Music Review

Holy: A Tribute

By Musarrat Rahman

“cancer, I'll kick the hell outta you!” said the heavy metal purist on March of this year but unfortunately stomach cancer has finally brought this legend down.

Ronnie James Dio, the pint-sized heavy metal musician, whose soaring vocals, poetic lyrics and mythic tales of a never-ending struggle between good and evil broke new ground in heavy metal, died Sunday the 16th of May, according to a statement from his heartbroken wife, Wendy Dio. He was 67.

Dio was best known for fronting Black Sabbath after the departure of Ozzy Osbourne, but he was also involved in the bands Elf, Rainbow, Heaven & Hell and Dio during a career stretching over 53 years.

He rose to fame in 1975 as the lead singer of fantasy-themed heavy metal band Rainbow, the band founded by ex-Deep Purple guitarist Ritchie Blackmore.

Dio then replaced legendary vocalist Ozzy Osbourne in Black Sabbath circa 1980 and released the critically acclaimed album 'Heaven And Hell', which is considered by many critics to be one of the finest heavy metal albums of all time. His on-again, off-again relationship with Black Sabbath started an intense debate among fans as to which singer, Ozzy or Dio, was the true essence of the band a discussion that lasted until his death.

He also enjoyed a successful solo career with his self-titled band, Dio, which he did in between his three stints with Black Sabbath (1980-1982, 1992 and 2007-2009).

Like other influential rockers, Dio also organised an all-star charity collaboration in 1986 called 'Hear N' Aid' to raise money for famine relief in Africa.

Many of his most memorable songs were around the struggle between good and evil, including his signature track 'Heaven And Hell'. He also drew inspiration from medieval imagery in songs like 'Neon Knights', 'Killing The Dragon' and 'Stargazer'.

Thinking of making a 'Tribute to Dio' playlist for your iPod? A few of his other famous tunes include 'Hungry for Heaven', 'The Last in Line', 'Long Live Rock n' Roll', 'The Mob Rules', 'Man on the Silver Mountain', 'Rainbow in the Dark' and 'Holy Diver'.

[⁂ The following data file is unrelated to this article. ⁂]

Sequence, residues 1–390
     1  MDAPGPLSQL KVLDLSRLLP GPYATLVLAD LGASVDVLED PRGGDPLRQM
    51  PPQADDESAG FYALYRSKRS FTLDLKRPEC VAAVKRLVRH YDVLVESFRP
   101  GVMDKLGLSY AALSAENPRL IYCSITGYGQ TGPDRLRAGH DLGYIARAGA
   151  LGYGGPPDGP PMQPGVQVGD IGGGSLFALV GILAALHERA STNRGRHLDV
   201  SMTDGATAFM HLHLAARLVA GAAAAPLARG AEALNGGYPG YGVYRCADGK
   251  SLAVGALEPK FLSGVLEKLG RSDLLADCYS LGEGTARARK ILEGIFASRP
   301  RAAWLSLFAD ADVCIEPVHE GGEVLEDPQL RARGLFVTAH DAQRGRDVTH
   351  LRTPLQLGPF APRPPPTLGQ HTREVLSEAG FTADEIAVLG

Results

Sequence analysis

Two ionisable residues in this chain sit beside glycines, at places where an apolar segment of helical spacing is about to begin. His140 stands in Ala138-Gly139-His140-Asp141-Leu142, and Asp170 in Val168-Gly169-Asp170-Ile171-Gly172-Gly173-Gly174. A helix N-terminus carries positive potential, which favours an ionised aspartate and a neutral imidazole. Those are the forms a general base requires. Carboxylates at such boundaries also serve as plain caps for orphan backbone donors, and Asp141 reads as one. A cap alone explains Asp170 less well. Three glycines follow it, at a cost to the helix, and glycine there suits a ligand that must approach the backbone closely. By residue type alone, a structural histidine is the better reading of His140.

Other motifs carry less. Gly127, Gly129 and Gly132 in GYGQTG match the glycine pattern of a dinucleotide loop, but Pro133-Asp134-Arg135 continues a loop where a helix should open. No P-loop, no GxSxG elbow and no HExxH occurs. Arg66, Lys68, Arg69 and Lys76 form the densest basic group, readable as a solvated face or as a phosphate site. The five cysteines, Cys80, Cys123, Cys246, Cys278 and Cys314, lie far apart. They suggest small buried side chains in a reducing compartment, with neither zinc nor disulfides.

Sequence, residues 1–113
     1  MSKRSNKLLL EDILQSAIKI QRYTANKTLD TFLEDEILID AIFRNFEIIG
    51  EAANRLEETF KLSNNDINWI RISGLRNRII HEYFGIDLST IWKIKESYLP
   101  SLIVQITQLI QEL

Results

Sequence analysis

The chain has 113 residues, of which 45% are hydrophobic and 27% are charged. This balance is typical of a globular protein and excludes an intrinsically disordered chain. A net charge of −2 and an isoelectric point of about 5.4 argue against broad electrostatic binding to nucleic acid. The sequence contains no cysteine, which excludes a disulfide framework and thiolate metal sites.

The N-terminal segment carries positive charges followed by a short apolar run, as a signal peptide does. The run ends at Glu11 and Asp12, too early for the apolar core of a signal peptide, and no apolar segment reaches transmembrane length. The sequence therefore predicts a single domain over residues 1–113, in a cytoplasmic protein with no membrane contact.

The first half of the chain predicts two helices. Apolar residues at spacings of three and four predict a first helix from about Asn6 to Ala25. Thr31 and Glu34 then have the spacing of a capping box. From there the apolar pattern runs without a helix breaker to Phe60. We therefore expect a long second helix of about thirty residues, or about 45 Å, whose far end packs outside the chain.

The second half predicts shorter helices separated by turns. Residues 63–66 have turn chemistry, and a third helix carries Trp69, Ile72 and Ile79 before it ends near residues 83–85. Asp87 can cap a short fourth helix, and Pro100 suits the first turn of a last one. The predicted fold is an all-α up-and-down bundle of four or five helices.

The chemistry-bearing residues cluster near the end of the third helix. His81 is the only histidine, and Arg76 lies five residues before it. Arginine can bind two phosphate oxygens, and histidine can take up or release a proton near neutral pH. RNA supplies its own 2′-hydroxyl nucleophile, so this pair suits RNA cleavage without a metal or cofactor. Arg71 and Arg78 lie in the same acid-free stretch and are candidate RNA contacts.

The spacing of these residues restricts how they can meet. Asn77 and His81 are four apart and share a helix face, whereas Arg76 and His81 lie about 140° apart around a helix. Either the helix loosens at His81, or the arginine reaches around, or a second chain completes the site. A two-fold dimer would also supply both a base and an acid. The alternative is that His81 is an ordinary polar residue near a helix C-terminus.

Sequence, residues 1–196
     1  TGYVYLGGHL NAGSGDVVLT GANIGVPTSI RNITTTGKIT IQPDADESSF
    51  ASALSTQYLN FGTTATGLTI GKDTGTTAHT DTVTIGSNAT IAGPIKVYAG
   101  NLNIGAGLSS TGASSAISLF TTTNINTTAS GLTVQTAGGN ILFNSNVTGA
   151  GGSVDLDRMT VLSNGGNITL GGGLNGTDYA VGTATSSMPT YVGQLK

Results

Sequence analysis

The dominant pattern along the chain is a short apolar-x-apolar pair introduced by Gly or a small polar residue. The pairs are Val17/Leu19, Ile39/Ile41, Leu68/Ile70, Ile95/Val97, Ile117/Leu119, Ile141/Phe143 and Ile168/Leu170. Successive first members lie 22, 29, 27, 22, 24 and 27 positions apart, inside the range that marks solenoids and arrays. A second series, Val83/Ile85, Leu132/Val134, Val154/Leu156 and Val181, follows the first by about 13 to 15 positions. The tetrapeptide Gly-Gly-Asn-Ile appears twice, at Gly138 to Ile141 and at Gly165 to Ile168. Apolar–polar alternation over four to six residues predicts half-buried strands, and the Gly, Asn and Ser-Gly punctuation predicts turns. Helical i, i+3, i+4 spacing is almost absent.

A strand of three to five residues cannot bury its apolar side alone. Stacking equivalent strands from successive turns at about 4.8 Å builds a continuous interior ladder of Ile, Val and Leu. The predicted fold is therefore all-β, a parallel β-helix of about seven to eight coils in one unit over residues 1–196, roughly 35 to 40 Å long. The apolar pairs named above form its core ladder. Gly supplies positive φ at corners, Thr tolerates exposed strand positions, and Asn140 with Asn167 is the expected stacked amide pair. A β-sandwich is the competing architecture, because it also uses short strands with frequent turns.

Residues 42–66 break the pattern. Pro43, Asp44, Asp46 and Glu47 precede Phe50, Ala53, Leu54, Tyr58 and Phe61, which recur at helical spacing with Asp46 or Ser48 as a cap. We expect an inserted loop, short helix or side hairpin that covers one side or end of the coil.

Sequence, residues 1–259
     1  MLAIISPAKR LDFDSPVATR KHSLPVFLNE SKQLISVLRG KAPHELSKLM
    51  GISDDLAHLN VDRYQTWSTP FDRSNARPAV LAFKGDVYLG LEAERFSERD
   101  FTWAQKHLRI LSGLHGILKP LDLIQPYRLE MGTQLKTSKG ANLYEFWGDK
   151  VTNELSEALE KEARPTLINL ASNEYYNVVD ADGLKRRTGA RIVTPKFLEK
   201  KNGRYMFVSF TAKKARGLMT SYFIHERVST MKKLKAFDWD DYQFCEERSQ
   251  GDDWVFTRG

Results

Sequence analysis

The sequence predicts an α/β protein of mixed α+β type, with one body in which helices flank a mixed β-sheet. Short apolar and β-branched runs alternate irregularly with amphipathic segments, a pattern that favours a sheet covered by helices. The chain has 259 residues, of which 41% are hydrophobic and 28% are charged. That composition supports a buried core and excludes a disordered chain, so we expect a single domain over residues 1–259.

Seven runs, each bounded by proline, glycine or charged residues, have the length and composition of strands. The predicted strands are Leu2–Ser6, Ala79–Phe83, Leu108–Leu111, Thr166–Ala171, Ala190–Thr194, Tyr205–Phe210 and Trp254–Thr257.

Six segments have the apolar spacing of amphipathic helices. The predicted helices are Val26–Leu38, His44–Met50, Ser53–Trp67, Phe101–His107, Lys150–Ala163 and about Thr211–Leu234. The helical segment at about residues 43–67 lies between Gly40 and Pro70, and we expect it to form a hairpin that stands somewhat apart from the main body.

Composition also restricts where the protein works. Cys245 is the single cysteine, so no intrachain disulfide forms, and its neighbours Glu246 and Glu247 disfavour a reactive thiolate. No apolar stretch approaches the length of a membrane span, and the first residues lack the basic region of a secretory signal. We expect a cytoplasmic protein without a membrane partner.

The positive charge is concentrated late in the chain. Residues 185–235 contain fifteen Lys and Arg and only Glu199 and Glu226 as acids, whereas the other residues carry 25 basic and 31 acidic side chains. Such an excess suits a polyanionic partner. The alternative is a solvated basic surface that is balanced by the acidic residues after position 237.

Or, You can also watch the first 15 minutes of Tenacious D: Pick of Destiny to pay your respects.

“He possessed one of the greatest voices in all of heavy metal, and had a heart to match it," said Twisted Sister guitarist Jay Jay French, whose band toured with Dio since 1983, and was scheduled to do so again this summer at European rock festivals. "He was the nicest, classiest person you would ever want to meet."

More than 7,500 fans posted tributes to the singer on his official Facebook fan page within an hour of his death being announced while his celeb friends took to Twitter to send out respects to the rock god. "Horns at half-mast. Such a huge loss," tweets Scott Ian, rhythm guitarist with metal group Anthrax while Sebastian Bach comments “Crying right now in remembrance of my hero and friend,”. Famed Metallica drummer Lars Ulrich even posted a very emotional open letter to his idol, "Ronnie, your voice impacted and empowered me, your music inspired and influenced me, and your kindness touched and moved me. Thank you.”

While Dio is most famous for his roles in both Rainbow and Black Sabbath, not many people know that Ronnie James Dio is also responsible for popularising the 'devil horns' metal sign that every band in Dhaka is so obsessed with. Let's all salute Ronnie James with the devil's horns as we say goodbye and thank you.

Headed for the big rock stage in the sky, may Ronnie James Dio rest in peace.